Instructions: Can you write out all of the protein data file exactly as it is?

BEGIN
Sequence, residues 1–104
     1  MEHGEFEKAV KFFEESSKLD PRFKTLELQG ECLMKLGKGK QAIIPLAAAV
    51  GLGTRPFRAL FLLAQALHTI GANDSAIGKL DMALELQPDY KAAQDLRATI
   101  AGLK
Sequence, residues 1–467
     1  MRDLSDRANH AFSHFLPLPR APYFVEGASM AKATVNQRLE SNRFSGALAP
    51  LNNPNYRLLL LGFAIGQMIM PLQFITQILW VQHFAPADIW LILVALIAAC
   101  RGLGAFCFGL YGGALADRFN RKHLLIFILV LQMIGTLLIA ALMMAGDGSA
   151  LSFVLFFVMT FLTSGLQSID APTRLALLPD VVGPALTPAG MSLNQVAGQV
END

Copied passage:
Sequence, residues 1–104
     1  MEHGEFEKAV KFFEESSKLD PRFKTLELQG ECLMKLGKGK QAIIPLAAAV
    51  GLGTRPFRAL FLLAQALHTI GANDSAIGKL DMALELQPDY KAAQDLRATI
   101  AGLK
Sequence, residues 1–467
     1  MRDLSDRANH AFSHFLPLPR APYFVEGASM AKATVNQRLE SNRFSGALAP
    51  LNNPNYRLLL LGFAIGQMIM PLQFITQILW VQHFAPADIW LILVALIAAC
   101  RGLGAFCFGL YGGALADRFN RKHLLIFILV LQMIGTLLIA ALMMAGDGSA
   151  LSFVLFFVMT FLTSGLQSID APTRLALLPD VVGPALTPAG MSLNQVAGQV